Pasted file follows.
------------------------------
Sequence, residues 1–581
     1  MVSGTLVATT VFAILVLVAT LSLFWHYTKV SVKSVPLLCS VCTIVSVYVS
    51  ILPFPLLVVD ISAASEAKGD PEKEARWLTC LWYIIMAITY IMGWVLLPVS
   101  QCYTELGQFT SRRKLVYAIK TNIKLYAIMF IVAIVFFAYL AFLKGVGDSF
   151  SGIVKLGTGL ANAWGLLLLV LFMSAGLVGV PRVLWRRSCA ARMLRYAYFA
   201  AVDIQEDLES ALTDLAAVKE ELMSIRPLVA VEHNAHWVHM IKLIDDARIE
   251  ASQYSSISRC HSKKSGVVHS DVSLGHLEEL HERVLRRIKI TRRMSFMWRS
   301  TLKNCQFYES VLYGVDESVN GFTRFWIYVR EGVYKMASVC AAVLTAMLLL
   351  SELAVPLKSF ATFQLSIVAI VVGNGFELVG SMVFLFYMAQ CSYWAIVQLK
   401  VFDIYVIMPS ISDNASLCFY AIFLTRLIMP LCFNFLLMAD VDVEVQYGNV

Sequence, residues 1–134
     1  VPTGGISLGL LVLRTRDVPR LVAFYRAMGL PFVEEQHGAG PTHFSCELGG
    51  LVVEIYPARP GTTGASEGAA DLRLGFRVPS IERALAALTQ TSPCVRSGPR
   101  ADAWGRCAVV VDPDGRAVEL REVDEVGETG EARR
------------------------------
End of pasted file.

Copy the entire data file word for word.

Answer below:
Sequence, residues 1–581
     1  MVSGTLVATT VFAILVLVAT LSLFWHYTKV SVKSVPLLCS VCTIVSVYVS
    51  ILPFPLLVVD ISAASEAKGD PEKEARWLTC LWYIIMAITY IMGWVLLPVS
   101  QCYTELGQFT SRRKLVYAIK TNIKLYAIMF IVAIVFFAYL AFLKGVGDSF
   151  SGIVKLGTGL ANAWGLLLLV LFMSAGLVGV PRVLWRRSCA ARMLRYAYFA
   201  AVDIQEDLES ALTDLAAVKE ELMSIRPLVA VEHNAHWVHM IKLIDDARIE
   251  ASQYSSISRC HSKKSGVVHS DVSLGHLEEL HERVLRRIKI TRRMSFMWRS
   301  TLKNCQFYES VLYGVDESVN GFTRFWIYVR EGVYKMASVC AAVLTAMLLL
   351  SELAVPLKSF ATFQLSIVAI VVGNGFELVG SMVFLFYMAQ CSYWAIVQLK
   401  VFDIYVIMPS ISDNASLCFY AIFLTRLIMP LCFNFLLMAD VDVEVQYGNV

Sequence, residues 1–134
     1  VPTGGISLGL LVLRTRDVPR LVAFYRAMGL PFVEEQHGAG PTHFSCELGG
    51  LVVEIYPARP GTTGASEGAA DLRLGFRVPS IERALAALTQ TSPCVRSGPR
   101  ADAWGRCAVV VDPDGRAVEL REVDEVGETG EARR